The world infested with the “ghosts of a trade war” warns Argentina ambassador
The Argentine ambassador to the United States, Jorge Argüello, warned that the world is infested with the “ghosts of a trade war” as he witnesses the protectionist measures applied by developed countries.
The diplomat told reporters that those ghosts on a global trade dispute are “agitated in an interested and irresponsible way by some lobby sectors, especially from developed countries.”
The ambassador's remarks come at a time of high tension between Argentina and the United States and European countries whose governments have lately allegedly imposed barriers to Argentine products, such as citrus fruits, beef and bio-diesel.
Most recently, the United States, Japan and Mexico, as before the EU, filed complaints against Argentina before the World Trade Organization (WTO) for allegedly restricting the importation of goods, through the system of import licences and the one for one policy, demanding companies wanting to import should match with exports.
“This does not constitute a contentious process but rather it grants both sides the opportunity to find a negotiated solution to a difference before embarking in a contentious disputes settlement process”, said ambassador Argüello in a column published in the pro-Cristina Fernandez newspaper “El Argentino”.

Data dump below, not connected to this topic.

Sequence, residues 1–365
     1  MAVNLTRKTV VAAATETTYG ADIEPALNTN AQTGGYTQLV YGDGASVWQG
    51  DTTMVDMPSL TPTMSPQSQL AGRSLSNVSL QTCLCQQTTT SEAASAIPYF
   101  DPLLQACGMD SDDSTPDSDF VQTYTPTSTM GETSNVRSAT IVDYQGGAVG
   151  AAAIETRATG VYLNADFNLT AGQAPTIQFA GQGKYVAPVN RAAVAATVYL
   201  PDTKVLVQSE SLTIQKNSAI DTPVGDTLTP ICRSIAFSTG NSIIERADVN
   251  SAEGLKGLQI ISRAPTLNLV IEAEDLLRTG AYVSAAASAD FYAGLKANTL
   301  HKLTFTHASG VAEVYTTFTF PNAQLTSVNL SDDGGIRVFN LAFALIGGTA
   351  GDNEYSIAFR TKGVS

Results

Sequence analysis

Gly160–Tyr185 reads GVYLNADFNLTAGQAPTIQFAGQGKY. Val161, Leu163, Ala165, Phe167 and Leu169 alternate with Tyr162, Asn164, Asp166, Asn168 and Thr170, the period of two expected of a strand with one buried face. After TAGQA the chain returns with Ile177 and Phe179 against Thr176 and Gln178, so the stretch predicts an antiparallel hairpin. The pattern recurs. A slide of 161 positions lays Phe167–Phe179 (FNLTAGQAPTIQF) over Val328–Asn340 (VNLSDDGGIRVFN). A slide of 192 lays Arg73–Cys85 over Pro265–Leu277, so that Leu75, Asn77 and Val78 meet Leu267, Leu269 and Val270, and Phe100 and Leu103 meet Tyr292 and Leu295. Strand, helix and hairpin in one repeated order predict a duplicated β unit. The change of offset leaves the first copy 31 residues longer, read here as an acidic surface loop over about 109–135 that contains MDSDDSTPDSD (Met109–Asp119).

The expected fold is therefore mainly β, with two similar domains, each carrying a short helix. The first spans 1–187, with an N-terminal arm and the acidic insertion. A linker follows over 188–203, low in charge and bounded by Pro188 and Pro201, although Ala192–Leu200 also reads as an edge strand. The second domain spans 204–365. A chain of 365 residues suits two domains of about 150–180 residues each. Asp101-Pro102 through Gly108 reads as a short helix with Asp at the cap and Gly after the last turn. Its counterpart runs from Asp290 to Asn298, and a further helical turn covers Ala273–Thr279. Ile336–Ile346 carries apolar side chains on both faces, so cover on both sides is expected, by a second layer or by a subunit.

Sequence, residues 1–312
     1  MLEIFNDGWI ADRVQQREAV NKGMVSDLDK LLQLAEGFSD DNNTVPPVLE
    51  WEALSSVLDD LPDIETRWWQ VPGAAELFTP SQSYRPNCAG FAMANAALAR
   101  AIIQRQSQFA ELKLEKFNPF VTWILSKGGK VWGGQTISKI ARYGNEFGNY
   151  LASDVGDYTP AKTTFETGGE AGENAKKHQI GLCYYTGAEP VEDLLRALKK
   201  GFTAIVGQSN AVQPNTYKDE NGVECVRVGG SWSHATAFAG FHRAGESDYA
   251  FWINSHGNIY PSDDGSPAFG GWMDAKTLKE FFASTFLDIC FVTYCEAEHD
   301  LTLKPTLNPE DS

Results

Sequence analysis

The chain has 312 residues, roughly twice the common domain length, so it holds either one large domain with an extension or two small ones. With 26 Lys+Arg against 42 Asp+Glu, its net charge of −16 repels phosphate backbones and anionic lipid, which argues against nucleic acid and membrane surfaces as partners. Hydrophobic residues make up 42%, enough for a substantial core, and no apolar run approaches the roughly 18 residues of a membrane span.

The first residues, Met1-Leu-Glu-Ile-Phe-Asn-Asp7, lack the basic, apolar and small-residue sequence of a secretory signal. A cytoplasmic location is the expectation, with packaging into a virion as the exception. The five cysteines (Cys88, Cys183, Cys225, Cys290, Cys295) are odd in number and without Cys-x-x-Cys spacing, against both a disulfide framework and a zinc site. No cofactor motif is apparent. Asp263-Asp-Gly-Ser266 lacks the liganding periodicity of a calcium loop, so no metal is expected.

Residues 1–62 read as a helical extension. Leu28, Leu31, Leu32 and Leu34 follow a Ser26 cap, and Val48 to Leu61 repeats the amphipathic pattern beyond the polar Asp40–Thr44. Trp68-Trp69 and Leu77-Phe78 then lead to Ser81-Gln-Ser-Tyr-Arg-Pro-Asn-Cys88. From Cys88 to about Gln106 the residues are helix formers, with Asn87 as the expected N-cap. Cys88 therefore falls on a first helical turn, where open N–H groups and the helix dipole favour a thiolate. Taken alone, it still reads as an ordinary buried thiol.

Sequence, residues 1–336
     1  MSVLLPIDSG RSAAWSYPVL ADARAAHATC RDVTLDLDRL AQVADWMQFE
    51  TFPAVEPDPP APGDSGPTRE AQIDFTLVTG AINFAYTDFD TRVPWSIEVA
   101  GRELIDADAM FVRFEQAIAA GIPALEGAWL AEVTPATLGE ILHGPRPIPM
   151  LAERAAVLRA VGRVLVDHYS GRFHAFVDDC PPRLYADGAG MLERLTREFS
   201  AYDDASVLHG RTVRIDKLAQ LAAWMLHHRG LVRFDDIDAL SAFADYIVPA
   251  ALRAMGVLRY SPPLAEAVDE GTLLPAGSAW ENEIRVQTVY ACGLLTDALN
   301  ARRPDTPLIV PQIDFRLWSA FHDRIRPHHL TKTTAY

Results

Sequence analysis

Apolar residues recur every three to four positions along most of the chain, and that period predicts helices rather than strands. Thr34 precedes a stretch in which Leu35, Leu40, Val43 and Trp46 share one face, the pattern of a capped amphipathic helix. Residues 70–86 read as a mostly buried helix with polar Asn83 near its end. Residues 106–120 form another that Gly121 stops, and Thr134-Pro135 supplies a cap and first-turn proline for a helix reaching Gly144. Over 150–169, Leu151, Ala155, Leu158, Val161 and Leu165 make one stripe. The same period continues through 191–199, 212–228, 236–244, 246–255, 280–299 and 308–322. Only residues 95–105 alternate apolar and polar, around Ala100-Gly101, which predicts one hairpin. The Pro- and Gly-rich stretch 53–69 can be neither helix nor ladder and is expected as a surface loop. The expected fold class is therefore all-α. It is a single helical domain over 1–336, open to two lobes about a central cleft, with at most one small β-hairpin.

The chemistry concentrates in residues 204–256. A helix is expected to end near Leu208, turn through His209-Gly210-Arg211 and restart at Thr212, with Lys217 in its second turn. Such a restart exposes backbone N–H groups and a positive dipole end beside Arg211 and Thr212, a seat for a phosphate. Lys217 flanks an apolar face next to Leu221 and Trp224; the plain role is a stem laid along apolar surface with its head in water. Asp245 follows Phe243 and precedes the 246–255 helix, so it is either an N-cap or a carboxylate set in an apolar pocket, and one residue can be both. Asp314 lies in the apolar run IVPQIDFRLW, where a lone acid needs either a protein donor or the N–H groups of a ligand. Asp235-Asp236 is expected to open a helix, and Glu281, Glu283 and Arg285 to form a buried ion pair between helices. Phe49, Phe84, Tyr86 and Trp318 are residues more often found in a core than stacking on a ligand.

He added that “if protectionist countries are those which purchase less, then Argentina is far from that. In 2011, among members of G20, Argentina was the second country to most increase imports. And measured by level of imports, Japan was eighth and the US fourteenth”. Both countries have filed complaints against Argentina at the WTO.
Ambassador Argüello admitted that as a result of the economic-financial crisis which originated in the developed countries in 2008 and 2009, there has been a clear tendency among nations to adopt commercial measures that “affect relations both bilateral and multilateral”.
However in spite of Argüello’s column, the Buenos Aires media on Sunday advanced that this year, following the restrictions imposed by the government on imports, Argentina will most probably reach the target of a trade surplus of 10 billion dollars and if current conditions persist, it could even approach 12 billion dollars.